WORLD NEWS TOMORROW – CHINA  US military judge cleared the way for a member of the team that raided Osama bin Laden’s compound in Pakistan to testify at the trial of an army private charged in a massive leak of US secrets to the WikiLeaks website.

Colonel Denise Lind ruled for the prosecution during a court-martial pretrial hearing for Private Bradley Manning at Fort Meade, near Baltimore. Prosecutors say the witness, presumably a Navy SEAL, collected digital evidence showing that the al-Qaeda leader requested and received from an associate some of the documents Manning has acknowledged sending to WikiLeaks.

Defence lawyers had argued that proof of receipt wasn’t relevant to whether Manning aided the enemy, the most serious charge he faces, punishable by life imprisonment. The judge disagreed. “The government must prove beyond a reasonable doubt that the intelligence is given to and received by the enemy,” Lind said.

The ruling means prosecutors can call the witness during the main phase of the trial. They otherwise could have used his testimony only for sentencing purposes.The witness has been publicly identified only as “John Doe” and as a Defence Department operator – a designation given to SEALs. Prosecutors say he participated with a SEAL team in their May 2011 assault on the compound in Abbottabad, Pakistan, in which the terrorist leader was killed. His testimony would help establish a chain of custody for the evidence from its recovery to its analysis by a computer expert.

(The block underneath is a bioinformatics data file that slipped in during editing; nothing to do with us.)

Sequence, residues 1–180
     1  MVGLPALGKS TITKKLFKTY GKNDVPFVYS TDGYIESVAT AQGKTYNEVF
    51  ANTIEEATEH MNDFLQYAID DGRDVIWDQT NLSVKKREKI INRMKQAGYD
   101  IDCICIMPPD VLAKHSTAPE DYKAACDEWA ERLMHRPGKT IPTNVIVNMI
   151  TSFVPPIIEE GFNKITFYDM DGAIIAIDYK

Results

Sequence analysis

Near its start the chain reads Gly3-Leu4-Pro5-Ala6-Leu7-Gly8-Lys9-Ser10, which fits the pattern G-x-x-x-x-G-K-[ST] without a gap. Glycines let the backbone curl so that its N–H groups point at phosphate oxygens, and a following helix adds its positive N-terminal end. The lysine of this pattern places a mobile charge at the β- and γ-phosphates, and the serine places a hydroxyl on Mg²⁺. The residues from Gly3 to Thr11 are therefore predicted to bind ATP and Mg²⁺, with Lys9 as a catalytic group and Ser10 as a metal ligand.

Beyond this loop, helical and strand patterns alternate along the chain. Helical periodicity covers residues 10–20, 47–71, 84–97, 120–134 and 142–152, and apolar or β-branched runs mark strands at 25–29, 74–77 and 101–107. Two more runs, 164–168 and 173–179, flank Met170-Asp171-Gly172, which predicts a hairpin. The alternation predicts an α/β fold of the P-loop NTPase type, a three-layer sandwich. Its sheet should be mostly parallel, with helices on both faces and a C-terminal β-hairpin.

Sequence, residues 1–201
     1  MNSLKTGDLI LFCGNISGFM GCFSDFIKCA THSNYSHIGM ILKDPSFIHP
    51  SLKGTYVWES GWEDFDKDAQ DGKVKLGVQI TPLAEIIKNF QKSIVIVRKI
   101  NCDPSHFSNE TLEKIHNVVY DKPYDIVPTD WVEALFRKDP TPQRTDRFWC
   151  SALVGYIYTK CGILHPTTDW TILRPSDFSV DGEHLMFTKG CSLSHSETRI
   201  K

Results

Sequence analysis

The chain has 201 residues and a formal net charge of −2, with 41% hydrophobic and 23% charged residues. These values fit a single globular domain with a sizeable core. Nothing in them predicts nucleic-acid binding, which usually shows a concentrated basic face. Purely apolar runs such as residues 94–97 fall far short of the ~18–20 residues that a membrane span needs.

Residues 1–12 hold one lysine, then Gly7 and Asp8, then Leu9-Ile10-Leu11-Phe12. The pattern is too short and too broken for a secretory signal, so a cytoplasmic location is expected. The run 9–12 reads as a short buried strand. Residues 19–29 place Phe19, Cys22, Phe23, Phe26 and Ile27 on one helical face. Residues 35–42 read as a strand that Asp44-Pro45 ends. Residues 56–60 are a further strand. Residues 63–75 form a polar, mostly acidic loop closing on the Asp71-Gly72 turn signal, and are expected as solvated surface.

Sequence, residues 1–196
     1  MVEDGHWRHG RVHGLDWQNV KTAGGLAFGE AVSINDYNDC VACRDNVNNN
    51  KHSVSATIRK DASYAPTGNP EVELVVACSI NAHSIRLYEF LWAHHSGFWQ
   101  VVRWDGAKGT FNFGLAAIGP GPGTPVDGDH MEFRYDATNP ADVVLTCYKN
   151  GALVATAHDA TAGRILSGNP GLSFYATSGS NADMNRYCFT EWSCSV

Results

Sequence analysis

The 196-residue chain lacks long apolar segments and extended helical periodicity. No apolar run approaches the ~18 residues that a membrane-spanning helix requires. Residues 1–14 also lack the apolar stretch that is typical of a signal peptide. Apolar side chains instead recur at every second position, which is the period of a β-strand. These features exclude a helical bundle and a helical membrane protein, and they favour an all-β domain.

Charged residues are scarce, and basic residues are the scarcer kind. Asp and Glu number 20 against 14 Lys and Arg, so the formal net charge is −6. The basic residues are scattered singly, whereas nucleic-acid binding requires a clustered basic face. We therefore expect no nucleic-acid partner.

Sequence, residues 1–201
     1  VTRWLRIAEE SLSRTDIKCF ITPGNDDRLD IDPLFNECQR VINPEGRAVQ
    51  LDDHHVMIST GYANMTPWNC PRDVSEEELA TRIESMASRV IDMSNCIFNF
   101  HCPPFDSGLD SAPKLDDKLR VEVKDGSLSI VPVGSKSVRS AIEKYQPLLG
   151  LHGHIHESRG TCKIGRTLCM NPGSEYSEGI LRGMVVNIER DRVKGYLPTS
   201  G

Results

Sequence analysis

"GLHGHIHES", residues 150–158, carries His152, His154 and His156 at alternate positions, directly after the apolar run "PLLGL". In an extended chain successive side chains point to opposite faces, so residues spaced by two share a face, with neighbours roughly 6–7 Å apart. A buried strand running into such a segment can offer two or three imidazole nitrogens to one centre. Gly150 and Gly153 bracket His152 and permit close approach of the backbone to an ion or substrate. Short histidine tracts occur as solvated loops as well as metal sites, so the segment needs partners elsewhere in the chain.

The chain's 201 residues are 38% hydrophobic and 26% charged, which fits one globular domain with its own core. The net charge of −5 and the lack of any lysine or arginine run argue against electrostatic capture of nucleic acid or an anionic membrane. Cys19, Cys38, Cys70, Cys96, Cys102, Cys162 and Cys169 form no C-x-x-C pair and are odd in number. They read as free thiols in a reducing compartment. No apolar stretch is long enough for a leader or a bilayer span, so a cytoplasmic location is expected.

Earlier, Lind denied a government motion seeking to lower the bar for convicting Manning of violating the Espionage Act. He is charged with eight counts of that offence. Lind ruled, contrary to the motion, that prosecutors must prove Manning had reason to believe that the information he leaked could hurt the United States or help a foreign nation.

Manning pleaded guilty in February to lesser versions of some of the 22 charges he faces. Prosecutors have said they still intend to prove him guilty of all the original charges. His trial is scheduled to start on June 3 at Fort Meade.

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